Five months after she finished her chemotherapy treatments, a scan revealed that the lymphoma was becoming aggressive and growing again. During the stem-cell transplant treatment that followed, she contracted pneumonia. Friends said she looked ghostlike, and indeed her lungs had filled with so much fluid that she nearly died. The doctors were surprised at her ability to retain respiration with such stress on her lungs. Rosenbaum says she thinks it’s possible that “my ability to quiet the mind, and just be there breath by breath, without heightening or contracting in response to what was happening, allowed me to breathe better. Without mindfulness during that period, I actually believe I would have died.”

Rosenbaum recovered and was cancer-free, but eight years later, around the time of her sixtieth birthday, Rosenbaum was on a loving- kindness meditation retreat when she felt a great deal of pain. A mass had developed near her colon that needed to be surgically removed. And this year, fourteen years after the original diagnosis, a small tumor was discovered in her breast, which was eradicated with low-dose radiation. “For many people, cancer has become a chronic disease,” she says, “so it’s really important to learn to live successfully with uncertainty. It doesn’t have to be at the forefront, but it does need to become a completely accepted part of life. Then, when something does occur, you can move with all the different thoughts and feelings and sensations and relax with procedures, rather than fight them. Being able to do that has been just wonderful for me.”

In late 2001, Rosenbaum gave up teaching a regular round of classes at the stress-reduction clinic at the University of Massachusetts and began focusing on patients and caregivers through her psychotherapy practice and a variety of other venues. For years, she taught mindfulness at the Dana–Farber Cancer Institute, a leading research institute affiliated with Harvard. Rosenbaum feels the fact that she had been a patient there lent her a lot of credibility with patients during times of stress. Our native skepticism makes it harder for us to listen to someone teaching us from the outside-in, Rosenbaum says, so “it’s meaningful for patients that I have cancer and know it intimately. Cancer changes your life. There are suddenly lots of doctor’s appointments and trips to hospitals. Cancer scares you. When you enter a clinic, you see pale, weak people who have lost their hair. You know you could die. The fact that I’m alive and that I talk about the experience calmly and matter-of-factly inspires people, but I do not identify myself as a cancer survivor.”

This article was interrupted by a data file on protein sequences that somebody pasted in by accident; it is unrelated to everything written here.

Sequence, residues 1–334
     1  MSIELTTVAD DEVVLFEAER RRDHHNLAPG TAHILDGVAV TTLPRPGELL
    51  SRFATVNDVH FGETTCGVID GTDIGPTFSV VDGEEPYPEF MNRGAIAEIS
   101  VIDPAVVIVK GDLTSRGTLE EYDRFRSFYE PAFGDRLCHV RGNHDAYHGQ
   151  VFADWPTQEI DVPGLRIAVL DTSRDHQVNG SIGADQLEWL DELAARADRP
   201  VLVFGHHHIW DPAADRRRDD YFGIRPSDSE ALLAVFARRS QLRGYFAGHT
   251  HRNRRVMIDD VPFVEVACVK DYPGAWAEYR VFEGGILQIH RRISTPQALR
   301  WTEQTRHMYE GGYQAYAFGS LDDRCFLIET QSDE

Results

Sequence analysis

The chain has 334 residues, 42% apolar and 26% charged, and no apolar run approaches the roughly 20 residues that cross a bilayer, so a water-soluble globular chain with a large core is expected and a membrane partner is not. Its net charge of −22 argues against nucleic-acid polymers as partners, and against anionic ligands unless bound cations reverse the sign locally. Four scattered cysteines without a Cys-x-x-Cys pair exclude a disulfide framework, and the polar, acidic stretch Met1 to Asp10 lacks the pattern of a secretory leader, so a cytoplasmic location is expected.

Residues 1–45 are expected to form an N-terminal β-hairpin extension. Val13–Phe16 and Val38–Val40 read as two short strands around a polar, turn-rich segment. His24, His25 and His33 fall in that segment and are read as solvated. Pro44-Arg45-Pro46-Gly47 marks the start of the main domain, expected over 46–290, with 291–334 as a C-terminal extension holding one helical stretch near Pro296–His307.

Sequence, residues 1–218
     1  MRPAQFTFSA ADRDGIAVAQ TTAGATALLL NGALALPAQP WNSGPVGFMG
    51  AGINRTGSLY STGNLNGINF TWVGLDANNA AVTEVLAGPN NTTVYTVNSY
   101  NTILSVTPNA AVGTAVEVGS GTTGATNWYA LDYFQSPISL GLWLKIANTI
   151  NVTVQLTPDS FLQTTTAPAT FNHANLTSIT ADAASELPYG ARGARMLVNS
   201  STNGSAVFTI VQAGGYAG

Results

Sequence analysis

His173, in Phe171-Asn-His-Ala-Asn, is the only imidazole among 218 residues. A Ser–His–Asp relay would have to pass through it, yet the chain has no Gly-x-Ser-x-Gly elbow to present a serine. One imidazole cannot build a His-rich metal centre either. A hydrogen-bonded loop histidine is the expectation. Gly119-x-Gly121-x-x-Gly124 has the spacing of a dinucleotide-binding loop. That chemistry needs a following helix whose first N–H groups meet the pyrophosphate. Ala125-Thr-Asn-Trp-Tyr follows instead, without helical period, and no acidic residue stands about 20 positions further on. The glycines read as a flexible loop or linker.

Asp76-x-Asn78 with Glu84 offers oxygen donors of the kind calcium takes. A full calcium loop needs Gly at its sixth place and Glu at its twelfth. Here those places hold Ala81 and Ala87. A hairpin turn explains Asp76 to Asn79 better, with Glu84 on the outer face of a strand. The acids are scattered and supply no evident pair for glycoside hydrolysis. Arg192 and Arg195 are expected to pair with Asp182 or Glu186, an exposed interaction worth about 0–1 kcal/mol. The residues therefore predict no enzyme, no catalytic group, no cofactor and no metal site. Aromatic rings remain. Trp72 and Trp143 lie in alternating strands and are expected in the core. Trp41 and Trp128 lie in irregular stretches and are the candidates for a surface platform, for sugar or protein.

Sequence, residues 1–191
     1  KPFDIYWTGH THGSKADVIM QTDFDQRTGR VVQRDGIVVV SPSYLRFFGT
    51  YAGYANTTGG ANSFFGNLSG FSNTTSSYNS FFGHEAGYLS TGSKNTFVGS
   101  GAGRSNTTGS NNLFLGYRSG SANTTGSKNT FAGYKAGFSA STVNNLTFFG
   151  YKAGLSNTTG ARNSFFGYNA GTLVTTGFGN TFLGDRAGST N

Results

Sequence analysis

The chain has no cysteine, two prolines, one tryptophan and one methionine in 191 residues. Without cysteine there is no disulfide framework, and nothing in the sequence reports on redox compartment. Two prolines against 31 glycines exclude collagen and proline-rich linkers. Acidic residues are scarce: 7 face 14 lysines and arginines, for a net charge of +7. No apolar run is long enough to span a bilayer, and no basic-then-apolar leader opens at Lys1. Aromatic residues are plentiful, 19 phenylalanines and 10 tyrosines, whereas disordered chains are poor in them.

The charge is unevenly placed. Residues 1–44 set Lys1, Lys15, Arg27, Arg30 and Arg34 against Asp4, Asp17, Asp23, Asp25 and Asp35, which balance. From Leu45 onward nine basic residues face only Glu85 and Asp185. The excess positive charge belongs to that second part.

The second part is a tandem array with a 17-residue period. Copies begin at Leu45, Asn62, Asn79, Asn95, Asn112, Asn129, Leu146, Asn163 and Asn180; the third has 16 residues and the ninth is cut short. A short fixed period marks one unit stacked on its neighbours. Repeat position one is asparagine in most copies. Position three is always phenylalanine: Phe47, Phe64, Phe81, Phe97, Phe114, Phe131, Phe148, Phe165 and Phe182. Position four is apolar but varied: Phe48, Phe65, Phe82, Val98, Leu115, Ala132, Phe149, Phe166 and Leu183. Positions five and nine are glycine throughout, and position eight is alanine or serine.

One of her most important campaigns now is research into applications of mindfulness with cancer patients, which she does in partnership with Susan Bauer-Wu. Results of a successful pilot study with patients undergoing stem-cell treatment were published in the journal Integrative Cancer Therapies in June, 2008. Based on that success, Bauer-Wu received a National Institutes of Health grant and is currently leading a three-year study involving 280 patients, in which one group receives mindfulness-based training, another group has standard care augmented by sessions with an oncology nurse educator, and a third group receives standard care. Rosenbaum works as an advisor for the mindfulness instructors.

When teaching professionals, one of Rosenbaum’s main emphases has been helping people—often nurses, who are very enthusiastic about this work—to understand that they are facilitating, not fixing, and that mindfulness needs to be translated to patients in a way that allows them to appreciate its real nature. “Since mindfulness is such a big thing these days, many people have heard of it but they automatically think of it as a technique, rather than a way of being. You need to embody it for people and find the words that will resonate for the particular patient you’re working with. They need to understand that a technique—stopping and focusing—is involved, but that it goes much deeper. A technique is mechanistic, but to really live with a practice, to encompass it and embody it, it can’t be about doing. It has to be about non-doing, connection, and compassion.”

“I am passionate about this work,” Rosenbaum says at the end of our conversation. “Cancer is not something that any of us would ever want to have happen to us, but it can be a tremendous opportunity to look at some of our conditioning. It can also be an opportunity to look deeply and make amends for some things we don’t like. We can come into a greater sense of peace with ourselves and with others.”